Fishipedia Top 5: Most underrated sport fish

June 27th, 2011| No Comments

Some fish seem to tick all the right boxes, yet never seem to get the credit they deserve. Fish like these…

Jack Crevalle
On paper, jack crevalle have all the right attributes – available in a wide variety of fishing scenarios, they’ll smash into whatever artificial or bait you throw in their path, they possess drag-melting power and their weakness for topwater plugs puts them at the top of the class in terms of visual thrills. Yet people seem to rarely target them, often only catching them when they had something else in mind. Perhaps it’s because they don’t present enough of a challenge, that they’re just a bit too easy to please, but they’ve come to be seen as the dim-witted cousin of the wily old permit. Yet every time you catch one, it comes as something of a pleasant surprise, and how many times have they brightened an otherwise unproductive day?

Often regarded as something of a nuisance (particularly by offshore skippers) cudas have a reputation for showing up when they’re least wanted. One thing’s for sure though – they can rescue a slow day on the flats. In the cooler months, these predators move onto the flats in numbers, offering light-tackle and fly-fishermen a real challenge. More selective and wary than many people assume, inducing a take in shallow water requires accurate casting and effective presentation – a tube lure on a double-quick retrieve, or a needlefish fly pattern stripped as fast as you can manage should get the job done. Takes can be explosive and downright scary at times (see 1min 45secs in the video below to see what we mean), and blistering speed enables barracuda to peel off 100m of line in a single run. Good barracuda sport can be heart-stopping stuff and should never be overlooked.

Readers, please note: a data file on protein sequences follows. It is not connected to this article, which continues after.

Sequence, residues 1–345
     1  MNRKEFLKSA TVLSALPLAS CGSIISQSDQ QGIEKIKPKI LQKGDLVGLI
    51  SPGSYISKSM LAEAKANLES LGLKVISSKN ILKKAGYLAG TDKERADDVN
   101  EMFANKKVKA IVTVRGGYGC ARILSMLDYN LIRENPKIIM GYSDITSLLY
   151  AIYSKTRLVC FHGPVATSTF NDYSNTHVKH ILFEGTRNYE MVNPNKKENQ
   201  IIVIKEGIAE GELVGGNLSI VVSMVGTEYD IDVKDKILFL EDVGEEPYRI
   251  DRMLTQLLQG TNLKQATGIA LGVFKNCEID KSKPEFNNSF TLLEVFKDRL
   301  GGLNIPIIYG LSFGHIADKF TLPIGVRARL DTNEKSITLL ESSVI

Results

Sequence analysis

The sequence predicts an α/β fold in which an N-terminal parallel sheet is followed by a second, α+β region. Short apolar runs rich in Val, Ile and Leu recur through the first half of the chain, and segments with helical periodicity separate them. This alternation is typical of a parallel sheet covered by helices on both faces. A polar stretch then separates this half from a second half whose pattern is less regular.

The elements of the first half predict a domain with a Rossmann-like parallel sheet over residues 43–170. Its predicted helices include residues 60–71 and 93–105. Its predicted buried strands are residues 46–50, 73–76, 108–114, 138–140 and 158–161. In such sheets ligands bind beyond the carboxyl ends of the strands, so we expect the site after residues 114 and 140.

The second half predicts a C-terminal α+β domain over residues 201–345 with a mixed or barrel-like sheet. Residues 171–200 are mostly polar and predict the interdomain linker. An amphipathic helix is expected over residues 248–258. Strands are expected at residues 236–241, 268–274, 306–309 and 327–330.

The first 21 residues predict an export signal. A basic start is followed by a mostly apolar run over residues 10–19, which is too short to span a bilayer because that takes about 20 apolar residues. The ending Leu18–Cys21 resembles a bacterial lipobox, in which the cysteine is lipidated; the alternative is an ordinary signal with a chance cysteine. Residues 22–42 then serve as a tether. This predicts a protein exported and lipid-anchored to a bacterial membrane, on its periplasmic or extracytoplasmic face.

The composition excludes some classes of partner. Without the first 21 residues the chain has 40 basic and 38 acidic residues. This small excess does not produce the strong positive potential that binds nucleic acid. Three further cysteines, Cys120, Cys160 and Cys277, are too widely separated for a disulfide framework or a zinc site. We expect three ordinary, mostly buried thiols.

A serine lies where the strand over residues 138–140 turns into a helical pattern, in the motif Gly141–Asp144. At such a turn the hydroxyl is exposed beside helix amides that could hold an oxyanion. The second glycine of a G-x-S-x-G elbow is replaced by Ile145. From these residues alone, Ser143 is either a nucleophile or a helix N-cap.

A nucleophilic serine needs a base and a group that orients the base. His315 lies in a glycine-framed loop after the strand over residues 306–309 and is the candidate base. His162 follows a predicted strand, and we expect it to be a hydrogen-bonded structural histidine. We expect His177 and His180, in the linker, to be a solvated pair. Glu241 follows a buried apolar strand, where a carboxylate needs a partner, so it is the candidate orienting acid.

Try telling your non-fishing buddies about that first fly-caught permit or steelhead and they’ll probably look right through you. Tell them about the ton of bass you caught and they might stifle a yawn. But tell them you caught a shark and you instantly become their new hero.

Sharks have that effect on people – it’s something you get over when you start fishing for other things, but every once in a while it’s good to go back. On a recent bonefishing trip to the Bahamas, we ran into them every day, lurking at the edges of flats, waiting for a hooked fish to present them with an easy meal. After a couple of days we decided to start throwing big deceiver patterns at them – it took longer to hook up than you might expect, but each time we succeeded, it was a bruising encounter. Equally, chumming them in is a fantastic and visually exciting method. Click here for a great article on fly-fishing for sharks on the flats.

It can’t be easy living in the shadow of the striped bass, that most prized and treasured resident of the USA’s eastern seaboard. But that’s life for the humble bluefish. He might not be as good-looking as cousin in the pinstripe suit, but he more than makes up for it in sporting aggression. And as his fans will tell you, there isn’t a fish in the sea that pulls harder. If you’ve ever seen them blitzing peanut bunker in the surf you’ll know exactly what we mean. If you haven’t, get a load of the video below to see what you’re missing. This is about as fast and frenetic as fishing can be – one fish every cast, and every single one of them feels like a runaway freight train. You’ve just got to love it.

If you’re reading this in Europe, you’ll probably be surprised to even see this one on the list. But while the folks there have long regarded Cyprinus carpio as number one, others have remained unconvinced about its qualities as a sport fish.

Nowadays that’s starting to change, with people waking up to the ‘golden bonefish’ as an exciting quarry for fly-fishermen. No wonder – with a tail you could use to paint the ceiling, and capable of extreme power, these fish are enormous fun on the fly. Pound for pound, their advocates will tell you they knock trout off the map.

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